The first step is to concentrate on selecting only one event.
This approach allows you to avoid betting on dozens of outcomes with varying degrees of reliability. A selection is made, the negative of those events where there is doubt, and a positive selection of the only one in which you are the most confident. This is the direction on which you should put some of your game day money. Which part this will be will be discussed later, there are a number of allocation options out there.
Insurances and splitting the bet
Many players have a silly habit of putting a bunch of bets and waiting for the money. It is clear that in the end part of the bet will win, another part will lose and even if you make a profit, it will be a small one. This does not suit the bettor, and he starts feverishly looking for new matches and variants of what he would like to wager to win more. In a hurry the choice is usually not good, which leads to the final drawdown. Then there is a desire to win back, a classic of the genre, leading to even greater losses. To prevent this from happening, you need to start playing a single match, and not just bet and wait for something to happen, but monitor what is happening with the bet, and actively intervene if necessary.
A good technique in this sense can be considered dividing the amount allocated to the match between 2-3 bets. For example, a player decides and bets on an event. This, depending on the odds, may be from a quarter to half of the amount that was allocated to the first match. If the first bet is an easy one, no more bets are played on this match, and the profit is fixed. If it doesn’t go in, or loses, or hangs up, until the denouement at the end of the match, then the second, and then possibly the third part, are engaged. They make a move for something close in logic to the original prediction, only already in play. For example, before the game they bet on “both to score – yes”, or on TB(2.5). But there are not enough goals around half-time or a little later. Then on the second, most of the amount is played on TB(1.5) or TB(2). As a result, only the second bet may come in and make up for the loss of the first, bringing it to a small plus. It is also possible to win both attempts, then the profit will be bigger. Well, if everyone loses, it will be equal to the fact that you just bet the whole allotted amount on one home betting outcome, as you used to do before, and lost. So with this kind of staggered wagering, there’s a much better chance of staying in the winnings.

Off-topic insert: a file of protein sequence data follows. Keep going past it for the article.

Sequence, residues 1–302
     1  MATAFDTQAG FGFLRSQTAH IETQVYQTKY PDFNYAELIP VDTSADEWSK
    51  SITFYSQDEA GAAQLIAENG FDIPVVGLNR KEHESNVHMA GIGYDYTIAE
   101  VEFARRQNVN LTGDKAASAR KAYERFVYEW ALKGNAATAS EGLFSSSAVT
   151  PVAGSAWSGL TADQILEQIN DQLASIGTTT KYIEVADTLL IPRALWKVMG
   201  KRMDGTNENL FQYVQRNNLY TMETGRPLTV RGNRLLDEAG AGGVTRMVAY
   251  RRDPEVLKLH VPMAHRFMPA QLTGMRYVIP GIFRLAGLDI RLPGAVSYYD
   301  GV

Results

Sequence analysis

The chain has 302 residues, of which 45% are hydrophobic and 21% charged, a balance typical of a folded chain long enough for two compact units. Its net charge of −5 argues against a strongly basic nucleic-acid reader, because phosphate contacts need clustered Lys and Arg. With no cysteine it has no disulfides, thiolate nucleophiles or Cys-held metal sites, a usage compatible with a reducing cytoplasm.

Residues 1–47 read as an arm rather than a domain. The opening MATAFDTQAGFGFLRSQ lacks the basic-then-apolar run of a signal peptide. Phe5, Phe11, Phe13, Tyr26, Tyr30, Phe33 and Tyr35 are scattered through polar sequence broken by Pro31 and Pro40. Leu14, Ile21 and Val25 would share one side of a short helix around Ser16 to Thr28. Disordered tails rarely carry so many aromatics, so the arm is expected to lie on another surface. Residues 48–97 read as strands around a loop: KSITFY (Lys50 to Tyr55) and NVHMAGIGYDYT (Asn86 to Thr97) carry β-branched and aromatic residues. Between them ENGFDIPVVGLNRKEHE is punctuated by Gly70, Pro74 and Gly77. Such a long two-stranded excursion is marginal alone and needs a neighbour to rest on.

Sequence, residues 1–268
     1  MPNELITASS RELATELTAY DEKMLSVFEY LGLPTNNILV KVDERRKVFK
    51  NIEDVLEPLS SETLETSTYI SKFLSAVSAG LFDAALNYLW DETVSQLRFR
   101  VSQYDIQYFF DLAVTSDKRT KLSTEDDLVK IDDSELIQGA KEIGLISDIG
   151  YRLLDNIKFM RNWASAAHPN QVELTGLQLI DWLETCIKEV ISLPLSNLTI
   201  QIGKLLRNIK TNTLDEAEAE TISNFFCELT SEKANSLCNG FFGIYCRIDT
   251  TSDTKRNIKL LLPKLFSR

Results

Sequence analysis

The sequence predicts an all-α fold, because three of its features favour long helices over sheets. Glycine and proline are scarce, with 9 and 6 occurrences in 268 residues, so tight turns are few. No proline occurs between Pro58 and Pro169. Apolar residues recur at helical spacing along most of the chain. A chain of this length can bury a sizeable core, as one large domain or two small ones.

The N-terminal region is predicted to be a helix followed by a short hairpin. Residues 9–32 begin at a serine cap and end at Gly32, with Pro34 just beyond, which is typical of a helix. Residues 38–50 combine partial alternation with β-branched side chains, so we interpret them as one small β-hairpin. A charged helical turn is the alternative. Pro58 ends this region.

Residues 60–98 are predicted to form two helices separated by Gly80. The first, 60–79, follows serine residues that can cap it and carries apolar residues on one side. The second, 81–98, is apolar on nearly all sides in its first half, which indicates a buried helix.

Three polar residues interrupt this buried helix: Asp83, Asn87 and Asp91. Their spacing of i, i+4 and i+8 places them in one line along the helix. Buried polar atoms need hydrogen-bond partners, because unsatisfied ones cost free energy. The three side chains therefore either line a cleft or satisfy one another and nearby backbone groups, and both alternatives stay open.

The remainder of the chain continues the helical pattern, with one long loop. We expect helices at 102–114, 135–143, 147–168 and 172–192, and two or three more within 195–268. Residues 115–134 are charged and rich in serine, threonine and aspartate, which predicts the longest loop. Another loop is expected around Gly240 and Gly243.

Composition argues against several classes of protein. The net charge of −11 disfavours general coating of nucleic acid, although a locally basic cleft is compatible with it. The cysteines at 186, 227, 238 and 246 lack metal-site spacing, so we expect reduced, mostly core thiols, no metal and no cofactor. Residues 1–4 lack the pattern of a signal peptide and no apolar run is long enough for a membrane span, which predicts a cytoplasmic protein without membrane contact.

The football total example is just one of many. Dozens of different outcomes can be fitted to a similar scheme, both for football and other sports. These can be yellow cards, outcomes, handicaps on tennis or basketball, there are plenty of variations. All you have to do is to understand the principle and wiggle a little grey matter.
What to do if you win
So, if the first match has brought a profit, then no more bets will be made on that day with the same order of magnitude. A small percentage of the net profit made is taken and you can use it to continue betting if you wish. Having lost this small percentage by the end of the day, you still finish with a nice final surplus in your balance.
For example, you have planned your money for two steps, two main matches. Let’s say $10,000 for the first and $20,000 for the second. On the first match, the first bet you make in the amount of 3 000 $ Second you hold, under the amount in the remaining 7 000 $ If you got plus on the first bet, then at average odds from 1.50 to 2.00, you have won from 1 500 $ to 3 000 $ On this large stakes in this day come to an end. You take $200-500, and if you have nothing else to do that evening, and ride them, though expresses, though stairs, as you want. The main rule is when you lose, do not touch the rest of the net winnings from the first bet. Finish the game day. If you managed to get your few hundreds well promoted – great, add them to the profit.
If only the second bet played in the first match, and the first one burned out, due to the progression of the amounts you still find yourself in the plus of $1,000 give or take. From this sum you also pluck a few hundred and play on them, or fix the profit and finish.
If both bets on the first match are lost, you move on to the second event, which is picked up in advance and is timed later, without crossover. There you distribute the conditional $20,000 according to the same scheme. Now you bet $6,000 first, and then, if necessary, $12,000 A win at any stage will compensate for losses made earlier in the day. Then everything goes according to the scheme – the profit is fixed. We separate a small part of it for playing the more risky, aggressive schemes by the end of the day. You are in the black anyway, you can take a risk.
It turns out to use a two-tiered catch-up of 2-3 steps each. This progression does not go from one day to the next. Careful selection of events, in-play insurance, plus the ability to win both bets within the same match, allows you to maximise the chances of more days in the plus.